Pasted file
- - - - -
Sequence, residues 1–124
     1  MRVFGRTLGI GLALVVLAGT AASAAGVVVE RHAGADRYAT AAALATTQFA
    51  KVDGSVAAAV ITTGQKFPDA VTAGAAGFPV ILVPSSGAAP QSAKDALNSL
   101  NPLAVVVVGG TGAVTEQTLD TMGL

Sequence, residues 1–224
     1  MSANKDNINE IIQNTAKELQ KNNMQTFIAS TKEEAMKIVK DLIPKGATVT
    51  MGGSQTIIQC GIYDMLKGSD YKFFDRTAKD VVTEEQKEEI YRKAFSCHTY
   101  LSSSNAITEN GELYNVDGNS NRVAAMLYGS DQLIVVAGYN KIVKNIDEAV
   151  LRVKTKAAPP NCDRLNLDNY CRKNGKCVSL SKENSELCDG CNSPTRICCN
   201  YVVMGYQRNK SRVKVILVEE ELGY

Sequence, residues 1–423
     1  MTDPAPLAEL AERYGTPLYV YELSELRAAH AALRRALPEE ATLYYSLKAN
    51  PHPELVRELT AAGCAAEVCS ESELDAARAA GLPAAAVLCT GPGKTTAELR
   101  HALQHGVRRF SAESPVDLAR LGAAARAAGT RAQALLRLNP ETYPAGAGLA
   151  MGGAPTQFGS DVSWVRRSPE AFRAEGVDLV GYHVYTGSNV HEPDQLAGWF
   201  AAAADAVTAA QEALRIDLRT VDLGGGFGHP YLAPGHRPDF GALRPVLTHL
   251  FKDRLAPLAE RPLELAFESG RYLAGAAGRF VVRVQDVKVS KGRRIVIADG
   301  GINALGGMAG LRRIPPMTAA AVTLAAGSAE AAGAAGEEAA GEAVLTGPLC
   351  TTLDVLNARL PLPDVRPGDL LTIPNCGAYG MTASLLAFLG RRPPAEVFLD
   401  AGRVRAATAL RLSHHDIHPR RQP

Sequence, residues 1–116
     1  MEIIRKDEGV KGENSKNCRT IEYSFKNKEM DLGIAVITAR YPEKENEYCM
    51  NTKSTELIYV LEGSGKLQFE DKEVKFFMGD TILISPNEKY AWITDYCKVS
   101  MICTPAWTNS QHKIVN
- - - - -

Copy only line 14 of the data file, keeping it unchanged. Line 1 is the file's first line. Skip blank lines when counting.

   101  HALQHGVRRF SAESPVDLAR LGAAARAAGT RAQALLRLNP ETYPAGAGLA